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Lightning Safety

episode number
ED-048
Lightning Safety
Lightning strikes Canadian National Tower in Toronto. Credit: Raul Heinrich (GFDL [http://www.gnu.org/copyleft/fdl.html] or CC BY-SA 3.0 [http://creativecommons.org/licenses/by-sa/3.0]), via Wikimedia Commons

Just how likely are you to be struck by lightning? And what can you do about it?

In another EarthDate, you heard how lightning is essential to life on Earth. It frees up nitrogen in the atmosphere to make it available to plants, which form the base of our food web.

For that to happen, you’d think there must be a lot of lightning. And you’d be right.

Storms around the world produce about a billion and a half lightning strikes each year—which hit about 20,000 people. Of them, only 10 percent, or 2,000, die.

That’s a lot, but it makes for pretty slim odds—about 1 in a million.

To make them even slimmer, try these simple guidelines:

First, the obvious: don’t go out in a lightning storm. Most buildings have lightning rods, wiring, or plumbing that will guide the lightning safely into the ground.

But stay out of the shower and off the landline. Plumbing and electric lines could carry a charge.

If you are caught out, avoid high places, where you’re closer to the clouds.

Also try to avoid flat open spaces, where you might be the tallest object.

And, large trees—lightning can vaporize the water inside them, causing them to explode.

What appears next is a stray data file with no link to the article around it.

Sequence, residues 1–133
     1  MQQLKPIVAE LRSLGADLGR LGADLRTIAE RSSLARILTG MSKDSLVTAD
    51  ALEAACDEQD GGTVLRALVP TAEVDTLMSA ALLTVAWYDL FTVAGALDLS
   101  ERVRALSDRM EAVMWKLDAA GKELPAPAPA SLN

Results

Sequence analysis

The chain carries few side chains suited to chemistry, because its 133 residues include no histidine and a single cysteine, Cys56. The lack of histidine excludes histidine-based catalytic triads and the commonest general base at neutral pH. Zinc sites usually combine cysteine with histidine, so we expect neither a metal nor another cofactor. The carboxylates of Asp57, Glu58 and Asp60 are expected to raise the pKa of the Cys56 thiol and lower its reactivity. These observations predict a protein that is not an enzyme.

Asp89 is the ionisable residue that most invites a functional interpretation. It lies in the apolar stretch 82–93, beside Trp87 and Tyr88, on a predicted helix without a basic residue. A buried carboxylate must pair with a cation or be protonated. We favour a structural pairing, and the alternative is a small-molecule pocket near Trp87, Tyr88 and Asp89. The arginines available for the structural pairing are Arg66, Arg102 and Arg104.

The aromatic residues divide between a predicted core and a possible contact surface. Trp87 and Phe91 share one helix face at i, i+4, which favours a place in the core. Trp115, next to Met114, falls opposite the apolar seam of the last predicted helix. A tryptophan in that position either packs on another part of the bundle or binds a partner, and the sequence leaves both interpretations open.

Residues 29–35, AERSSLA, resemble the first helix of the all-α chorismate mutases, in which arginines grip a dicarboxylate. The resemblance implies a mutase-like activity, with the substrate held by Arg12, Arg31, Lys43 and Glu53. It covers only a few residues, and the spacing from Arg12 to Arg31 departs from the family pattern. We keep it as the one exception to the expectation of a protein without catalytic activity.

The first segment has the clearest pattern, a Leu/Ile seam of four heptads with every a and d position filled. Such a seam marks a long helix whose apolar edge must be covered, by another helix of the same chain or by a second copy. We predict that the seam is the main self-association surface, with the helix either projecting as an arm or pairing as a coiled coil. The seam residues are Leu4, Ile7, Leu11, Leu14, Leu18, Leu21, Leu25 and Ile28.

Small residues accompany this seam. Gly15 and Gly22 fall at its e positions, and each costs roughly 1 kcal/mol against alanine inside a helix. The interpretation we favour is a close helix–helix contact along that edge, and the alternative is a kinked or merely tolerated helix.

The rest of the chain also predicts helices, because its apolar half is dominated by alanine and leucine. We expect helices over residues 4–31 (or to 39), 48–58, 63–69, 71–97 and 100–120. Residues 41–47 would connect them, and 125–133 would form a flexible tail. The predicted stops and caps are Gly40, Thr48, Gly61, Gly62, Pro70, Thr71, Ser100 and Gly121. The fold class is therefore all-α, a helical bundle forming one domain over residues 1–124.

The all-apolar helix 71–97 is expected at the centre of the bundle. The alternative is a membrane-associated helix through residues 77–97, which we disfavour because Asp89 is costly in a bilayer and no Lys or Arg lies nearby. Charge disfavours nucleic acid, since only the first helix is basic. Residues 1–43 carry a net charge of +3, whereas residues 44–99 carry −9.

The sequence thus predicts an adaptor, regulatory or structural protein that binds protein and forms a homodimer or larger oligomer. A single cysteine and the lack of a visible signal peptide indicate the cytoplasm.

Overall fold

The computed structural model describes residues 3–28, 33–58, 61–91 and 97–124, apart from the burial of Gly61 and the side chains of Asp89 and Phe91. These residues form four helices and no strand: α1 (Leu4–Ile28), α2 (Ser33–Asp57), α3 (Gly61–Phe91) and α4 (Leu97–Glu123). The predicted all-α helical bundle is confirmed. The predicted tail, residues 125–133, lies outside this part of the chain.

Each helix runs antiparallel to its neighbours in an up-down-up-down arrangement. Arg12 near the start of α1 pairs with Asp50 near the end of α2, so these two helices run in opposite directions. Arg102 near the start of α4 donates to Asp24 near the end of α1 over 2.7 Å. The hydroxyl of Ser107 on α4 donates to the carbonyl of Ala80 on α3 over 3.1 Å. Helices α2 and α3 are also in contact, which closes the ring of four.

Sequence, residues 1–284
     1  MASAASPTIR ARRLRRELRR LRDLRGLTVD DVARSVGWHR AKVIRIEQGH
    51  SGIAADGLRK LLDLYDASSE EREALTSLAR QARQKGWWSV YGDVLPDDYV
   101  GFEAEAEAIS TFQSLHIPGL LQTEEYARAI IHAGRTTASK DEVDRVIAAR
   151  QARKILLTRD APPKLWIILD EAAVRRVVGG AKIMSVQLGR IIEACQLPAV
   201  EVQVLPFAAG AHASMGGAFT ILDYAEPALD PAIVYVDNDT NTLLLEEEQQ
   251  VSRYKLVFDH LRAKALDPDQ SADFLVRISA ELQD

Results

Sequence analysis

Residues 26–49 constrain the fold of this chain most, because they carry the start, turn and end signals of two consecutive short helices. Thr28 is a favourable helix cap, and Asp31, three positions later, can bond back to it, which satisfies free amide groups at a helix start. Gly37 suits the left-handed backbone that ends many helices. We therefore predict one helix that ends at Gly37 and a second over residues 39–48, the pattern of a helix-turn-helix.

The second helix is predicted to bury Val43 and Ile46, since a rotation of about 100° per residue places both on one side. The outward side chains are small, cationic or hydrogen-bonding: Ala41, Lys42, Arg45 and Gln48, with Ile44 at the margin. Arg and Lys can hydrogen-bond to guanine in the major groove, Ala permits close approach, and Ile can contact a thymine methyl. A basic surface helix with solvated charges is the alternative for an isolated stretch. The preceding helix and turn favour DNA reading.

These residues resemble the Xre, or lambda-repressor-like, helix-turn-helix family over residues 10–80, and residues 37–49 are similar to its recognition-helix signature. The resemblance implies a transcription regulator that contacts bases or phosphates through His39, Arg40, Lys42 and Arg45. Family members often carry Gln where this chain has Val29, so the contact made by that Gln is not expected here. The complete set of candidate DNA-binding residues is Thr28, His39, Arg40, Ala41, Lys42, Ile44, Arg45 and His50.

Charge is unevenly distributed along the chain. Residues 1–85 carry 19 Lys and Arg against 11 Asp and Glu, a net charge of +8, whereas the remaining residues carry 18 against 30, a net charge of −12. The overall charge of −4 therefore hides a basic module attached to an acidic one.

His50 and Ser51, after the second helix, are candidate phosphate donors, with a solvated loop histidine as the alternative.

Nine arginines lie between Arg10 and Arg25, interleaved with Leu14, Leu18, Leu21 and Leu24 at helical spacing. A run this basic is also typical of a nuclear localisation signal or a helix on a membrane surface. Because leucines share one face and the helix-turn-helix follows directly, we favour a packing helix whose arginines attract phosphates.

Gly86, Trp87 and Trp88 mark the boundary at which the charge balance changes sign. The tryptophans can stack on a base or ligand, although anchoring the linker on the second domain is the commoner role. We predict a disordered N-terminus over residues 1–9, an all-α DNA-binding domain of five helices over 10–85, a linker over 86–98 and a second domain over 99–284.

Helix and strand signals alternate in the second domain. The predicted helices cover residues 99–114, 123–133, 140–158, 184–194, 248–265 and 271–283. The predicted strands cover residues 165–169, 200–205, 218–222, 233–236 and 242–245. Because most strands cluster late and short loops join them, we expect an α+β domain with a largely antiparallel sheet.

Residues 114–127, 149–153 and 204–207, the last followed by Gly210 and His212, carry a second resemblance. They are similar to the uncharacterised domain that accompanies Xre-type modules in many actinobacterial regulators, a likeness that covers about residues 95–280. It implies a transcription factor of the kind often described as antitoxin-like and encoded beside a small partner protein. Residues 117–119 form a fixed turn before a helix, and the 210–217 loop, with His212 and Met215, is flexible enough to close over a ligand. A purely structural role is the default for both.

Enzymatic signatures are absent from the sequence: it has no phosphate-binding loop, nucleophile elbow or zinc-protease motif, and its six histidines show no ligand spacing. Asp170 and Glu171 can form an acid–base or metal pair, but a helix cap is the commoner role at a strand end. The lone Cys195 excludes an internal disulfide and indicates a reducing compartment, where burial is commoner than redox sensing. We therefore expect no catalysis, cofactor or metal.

If you can get to, or stay in, your car, that’s a good place to be. The frame, wheels, and dripping rainwater can carry the charge to the ground, leaving you insulated.


Background: Lightning Safety

Synopsis: The frightening sound of thunder warns us that we are in danger from possible lightning strikes, even if it is not raining. How can we protect ourselves from lightning strikes?

  • Lightning is one of the oldest observed natural phenomena on Earth, yet it is one of the least understood.
  • More than 2,000 thunderstorms happen simultaneously every day around the globe— more than 14.5 million storms per year. 
    • NASA satellites indicate that these storms produce at least 40 lightning strikes per second around the globe, which translates to more than 1.4 billion lightning strikes per year on our electrified planet. 
  • Cumulonimbus clouds typically produce lightning; their bases are less than a mile high, and their tops are nearly 10 miles high. 
  • Only about 25 percent of lightning strikes go from the clouds to the ground; the rest occur within the clouds and are called lightning flashes.
  • Lightning can be seen from 100 miles away, but thunder can only be heard from about 15 miles away.
  • You can use thunder to tell how far away a storm is. 
    • Sound travels 1 mile in roughly 5 seconds. 
    • Count the number of seconds between when you see the lightning and hear the thunder, then divide by 5. This gives you the distance to the storm in miles.
  • Around the globe, about 2,000 people are killed each year by lightning. 
    • Many more survive but suffer from symptoms including memory loss, dizziness, numbness, and burns. 
    • There is about a 1 in 13,000 chance that an average American might be struck by lightning in his or her lifetime. 
  • Lightning safety tips:
    • Cars with roofs provide safe haven because their frames and tires carry the charge safely to the ground. 
    • Most buildings are grounded by lightning rods or plumbing, but if occupants touch plumbing or running water, or use a phone connected to the building by a cord, they may be shocked if the building is struck. Cordless phones are safe to use.
    • Lightning can vaporize the water inside a tree, causing it to explode, so taking refuge beneath tall trees is a bad idea.

 

References: Lightning Safety

Severe Weather 101—Lightning | NOAA National Severe Storms Lab

Lightning | NOAA National Weather Service JetStream

Lightning | Wikipedia

Flash Facts About Lightning | National Geographic

Lightning Science: Five Ways Lightning Strikes People | NOAA

What It’s Like to Be Struck by Lightning | The Atlantic

Contributors: Juli Hennings, Harry Lynch